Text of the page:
WASHINGTON -- The House passed a measure Thursday that would amount to the rough equivalent of declaring bankruptcy for the United States, directing the government to meet only certain obligations if Congress failed to raise the country's borrowing limit.
Republicans characterized the measure as a responsible step to mitigate the fallout from such a failure, but Democrats slammed it as the "Pay China First Act."
The legislation, which is actually called the Full Faith and Credit Act, lacks support in the Democratic-controlled Senate, and President Barack Obama has threatened to veto it. But it passed the House 221 to 207.
If Congress does not raise the debt limit, the Full Faith and Credit Act would direct the White House to pay U.S. debts in a certain order -- to first pay people on Social Security and holders of U.S. bonds, which include many major U.S. pension funds and foreign governments, with China being the largest among them.
Other obligations, from Medicare to military benefits, would go on the backburner.
Also passed was an amendment to bar members of Congress from getting paid if the debt limit is not raised.
Numerous independent economists have mocked such a scheme as irresponsible at best, deriding it as "the financial market equivalent of that Hieronymus Bosch painting of hell" and the first step to becoming a banana republic.
Republicans argued, however, that Obama and the Democrats have failed to cut Washington's spending enough, so the bill is needed to force the president to act.
"This legislation puts that responsibility on the president," said House Ways and Means Committee Chairman Dave Camp (R-Mich.).
While economists have warned that the "technical default" of paying only certain bills on time would be only a little better than a full-fledged default, Camp said that the difference was key and that drafting a payment plan reassures the world that the United States will still make good.
"We must act to make it clear to the American people and the world economy that the U.S. will not default," Camp said. Rep. Tim Griffin (R-Ark.) characterized the bill as a "backstop."
Yet even House Speaker John Boehner (R-Ohio) admitted recently in an interview with Bloomberg TV that the measure would effectively pay foreign creditors such as China before many Americans with claims on the nation's treasury.
House Minority Whip Steny Hoyer (D-Md.) seized on that admission, as did many other Democrats.
"Just yesterday Speaker Boehner admitted this bill means the United States will voluntarily act like a bankrupt corporation and pay China before we pay our troops," Hoyer said.
The top Democrat on the House Ways and Means Committee. Rep. Sander Levin (D-Mich.), argued that the main purpose of the bill was to satisfy members of the tea party and to offer the GOP political cover in a potential debt limit standoff.
"It's being done to satisfy some within the Republican caucus or maybe to try to provide some leverage in terms of bargaining with the Democrats," Levin said in the floor debate. "This is playing with fire, though, with the economy of this country. Those who vote for it, playing with this fire, are going to burn themselves."
Rep. Chris Van Hollen (D-Md.), the ranking Democrat on the House Budget Committee, also slammed the bill as a "political insurance policy" that Republicans believe would cushion any fallout over a debt ceiling breach.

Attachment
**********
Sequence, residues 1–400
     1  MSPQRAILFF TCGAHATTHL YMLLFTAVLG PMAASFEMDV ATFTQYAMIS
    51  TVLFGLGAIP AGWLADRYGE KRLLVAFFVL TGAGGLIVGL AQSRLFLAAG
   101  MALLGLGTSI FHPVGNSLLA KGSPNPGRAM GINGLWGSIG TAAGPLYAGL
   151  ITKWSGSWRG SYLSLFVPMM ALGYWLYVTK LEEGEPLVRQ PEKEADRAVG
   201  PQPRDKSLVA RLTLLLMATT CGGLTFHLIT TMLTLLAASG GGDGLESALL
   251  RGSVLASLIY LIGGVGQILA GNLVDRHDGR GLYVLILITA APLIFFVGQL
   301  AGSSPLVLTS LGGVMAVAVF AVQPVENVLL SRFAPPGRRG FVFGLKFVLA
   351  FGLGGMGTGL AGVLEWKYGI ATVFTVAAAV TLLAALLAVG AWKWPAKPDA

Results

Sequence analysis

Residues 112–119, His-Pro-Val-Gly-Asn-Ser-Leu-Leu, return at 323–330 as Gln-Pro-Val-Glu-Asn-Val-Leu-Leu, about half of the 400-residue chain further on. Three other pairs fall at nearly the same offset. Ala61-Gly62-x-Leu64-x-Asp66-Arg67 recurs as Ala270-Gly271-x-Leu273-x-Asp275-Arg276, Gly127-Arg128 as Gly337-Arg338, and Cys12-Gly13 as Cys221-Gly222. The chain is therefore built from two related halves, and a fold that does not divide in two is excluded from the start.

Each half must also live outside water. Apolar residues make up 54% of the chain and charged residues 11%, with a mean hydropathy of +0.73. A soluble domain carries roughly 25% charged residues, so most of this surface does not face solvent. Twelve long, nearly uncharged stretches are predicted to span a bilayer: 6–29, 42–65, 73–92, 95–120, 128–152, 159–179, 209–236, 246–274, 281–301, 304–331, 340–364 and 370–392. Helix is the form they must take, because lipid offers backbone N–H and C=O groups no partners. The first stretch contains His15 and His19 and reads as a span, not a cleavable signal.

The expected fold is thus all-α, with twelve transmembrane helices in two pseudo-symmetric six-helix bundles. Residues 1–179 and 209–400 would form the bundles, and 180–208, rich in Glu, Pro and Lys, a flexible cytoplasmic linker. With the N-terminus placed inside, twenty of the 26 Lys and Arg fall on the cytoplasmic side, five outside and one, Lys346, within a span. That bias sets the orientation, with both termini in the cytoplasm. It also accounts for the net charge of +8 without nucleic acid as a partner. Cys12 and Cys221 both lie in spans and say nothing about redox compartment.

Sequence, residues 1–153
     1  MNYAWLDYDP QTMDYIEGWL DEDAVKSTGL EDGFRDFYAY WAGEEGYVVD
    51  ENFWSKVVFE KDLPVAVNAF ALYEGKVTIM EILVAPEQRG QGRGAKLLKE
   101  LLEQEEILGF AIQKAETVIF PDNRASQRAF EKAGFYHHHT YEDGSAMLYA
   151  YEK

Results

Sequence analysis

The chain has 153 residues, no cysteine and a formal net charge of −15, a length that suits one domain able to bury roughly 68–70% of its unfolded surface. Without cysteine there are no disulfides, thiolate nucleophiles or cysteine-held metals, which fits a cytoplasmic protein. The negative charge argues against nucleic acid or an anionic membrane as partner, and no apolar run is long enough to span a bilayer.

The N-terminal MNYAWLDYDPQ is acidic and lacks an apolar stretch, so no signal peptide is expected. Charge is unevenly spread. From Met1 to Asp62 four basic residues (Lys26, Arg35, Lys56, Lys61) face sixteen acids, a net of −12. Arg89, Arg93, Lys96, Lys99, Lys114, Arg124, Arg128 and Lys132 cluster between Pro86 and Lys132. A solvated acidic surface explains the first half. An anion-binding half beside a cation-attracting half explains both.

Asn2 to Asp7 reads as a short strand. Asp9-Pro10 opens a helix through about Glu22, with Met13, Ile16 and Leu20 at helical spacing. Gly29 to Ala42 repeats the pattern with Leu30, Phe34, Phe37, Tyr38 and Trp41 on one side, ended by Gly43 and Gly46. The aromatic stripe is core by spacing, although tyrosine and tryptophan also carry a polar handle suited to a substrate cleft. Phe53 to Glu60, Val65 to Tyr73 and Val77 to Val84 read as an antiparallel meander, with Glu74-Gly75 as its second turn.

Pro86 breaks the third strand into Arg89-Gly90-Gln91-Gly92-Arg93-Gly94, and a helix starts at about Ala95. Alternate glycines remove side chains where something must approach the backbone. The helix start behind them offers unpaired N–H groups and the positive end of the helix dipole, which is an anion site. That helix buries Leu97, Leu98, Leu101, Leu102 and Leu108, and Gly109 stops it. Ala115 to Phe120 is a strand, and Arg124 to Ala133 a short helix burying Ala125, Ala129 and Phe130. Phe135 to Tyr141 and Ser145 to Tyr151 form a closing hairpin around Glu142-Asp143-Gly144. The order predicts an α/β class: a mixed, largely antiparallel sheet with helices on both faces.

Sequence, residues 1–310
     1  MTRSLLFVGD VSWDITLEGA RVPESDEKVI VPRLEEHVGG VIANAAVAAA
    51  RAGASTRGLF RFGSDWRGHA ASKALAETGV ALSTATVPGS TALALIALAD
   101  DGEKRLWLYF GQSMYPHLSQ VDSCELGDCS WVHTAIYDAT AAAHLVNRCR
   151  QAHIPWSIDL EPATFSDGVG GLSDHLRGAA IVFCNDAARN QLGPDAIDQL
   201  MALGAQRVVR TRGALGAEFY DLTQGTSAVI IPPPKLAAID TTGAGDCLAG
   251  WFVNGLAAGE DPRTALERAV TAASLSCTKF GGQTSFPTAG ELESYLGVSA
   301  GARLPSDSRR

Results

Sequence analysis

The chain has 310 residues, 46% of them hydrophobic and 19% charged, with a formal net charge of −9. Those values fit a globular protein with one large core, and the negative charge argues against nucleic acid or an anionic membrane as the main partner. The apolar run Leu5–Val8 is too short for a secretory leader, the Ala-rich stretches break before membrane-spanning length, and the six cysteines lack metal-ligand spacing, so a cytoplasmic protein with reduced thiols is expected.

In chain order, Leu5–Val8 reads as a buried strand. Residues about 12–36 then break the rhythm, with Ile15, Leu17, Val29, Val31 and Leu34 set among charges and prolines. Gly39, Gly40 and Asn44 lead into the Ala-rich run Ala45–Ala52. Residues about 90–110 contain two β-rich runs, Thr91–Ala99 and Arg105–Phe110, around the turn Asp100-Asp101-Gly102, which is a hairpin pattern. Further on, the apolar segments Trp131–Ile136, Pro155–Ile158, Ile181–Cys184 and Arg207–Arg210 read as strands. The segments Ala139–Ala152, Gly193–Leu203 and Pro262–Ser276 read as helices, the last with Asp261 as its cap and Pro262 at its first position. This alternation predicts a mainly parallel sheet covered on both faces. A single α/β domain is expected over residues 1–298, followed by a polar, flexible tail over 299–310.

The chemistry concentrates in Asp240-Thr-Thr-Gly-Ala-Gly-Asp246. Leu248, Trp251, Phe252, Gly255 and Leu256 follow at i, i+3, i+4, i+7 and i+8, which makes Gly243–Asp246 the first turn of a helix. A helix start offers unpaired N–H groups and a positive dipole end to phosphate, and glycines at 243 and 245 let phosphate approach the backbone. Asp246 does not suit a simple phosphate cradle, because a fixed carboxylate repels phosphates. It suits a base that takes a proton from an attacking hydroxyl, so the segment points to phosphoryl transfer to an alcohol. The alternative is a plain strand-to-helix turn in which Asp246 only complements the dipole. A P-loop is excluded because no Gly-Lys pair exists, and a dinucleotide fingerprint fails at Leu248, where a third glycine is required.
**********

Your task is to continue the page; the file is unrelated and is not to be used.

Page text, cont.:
"The whole idea's a harebrained idea. The idea is premised on the United States not paying all its bills. So let's figure out who to pay first and who will not get paid at all, and that's just a totally reckless approach for the United States government," he told HuffPost.
"If we were ever to default, [Republicans] would be able to point to this bill and say we're having an orderly bankruptcy as opposed to a messy bankruptcy," Van Hollen added.
Democrats in the Senate have called the measure a non-starter, though the top Republican on the Senate Budget Committee, Sen. Jeff Sessions of Alabama, saw some wisdom in the legislation.
"I think that is probably a benefit to the current system. I think it would make less damaging a failure to raise the debt ceiling," Sessions told HuffPost.
Some Democrats said privately that if Republicans believe a prioritization bill makes the consequences of failing to raise the debt limit less severe, they will be more likely to block a debt limit increase and will point to their bill as evidence they acted to avoid economic calamity.
Sessions called such talk "speculation."
"I think our Congress will wrestle with how to avoid the debt ceiling crisis. Hopefully we can, sooner rather than later, but usually it's later," Sessions said.
The debt limit stands at $16.4 trillion. The Treasury Department has estimated the nation will reach the limit this month, although stronger-than-expected revenues could allow Treasury officials to delay that moment until the fall.
The national debt limit is not the same as a consumer's credit card limit. The latter prevents spending once a cap is reached, which the former is a purely statutory limit that restricts how the government pays for spending that Congress has already authorized.
House Republicans will hold a special two-hour conference meeting next Wednesday to discuss their debt ceiling strategy.
"We are just beginning to talk with our Members -- and the American people -- about the best way to raise the debt limit consistent with the 'Boehner Rule,'" Boehner spokesman Michael Steel told HuffPost in an email.
The Boehner rule states that a debt ceiling hike must be matched by dollar-for-dollar spending cuts.
Steel also said Republicans are determined to find a resolution to avoid default.
"Our goal isn't to default on our debt, it’s to deal with it," he said. "We need to cut Washington spending to help create jobs, and it’s time for the president to get serious about solving this problem."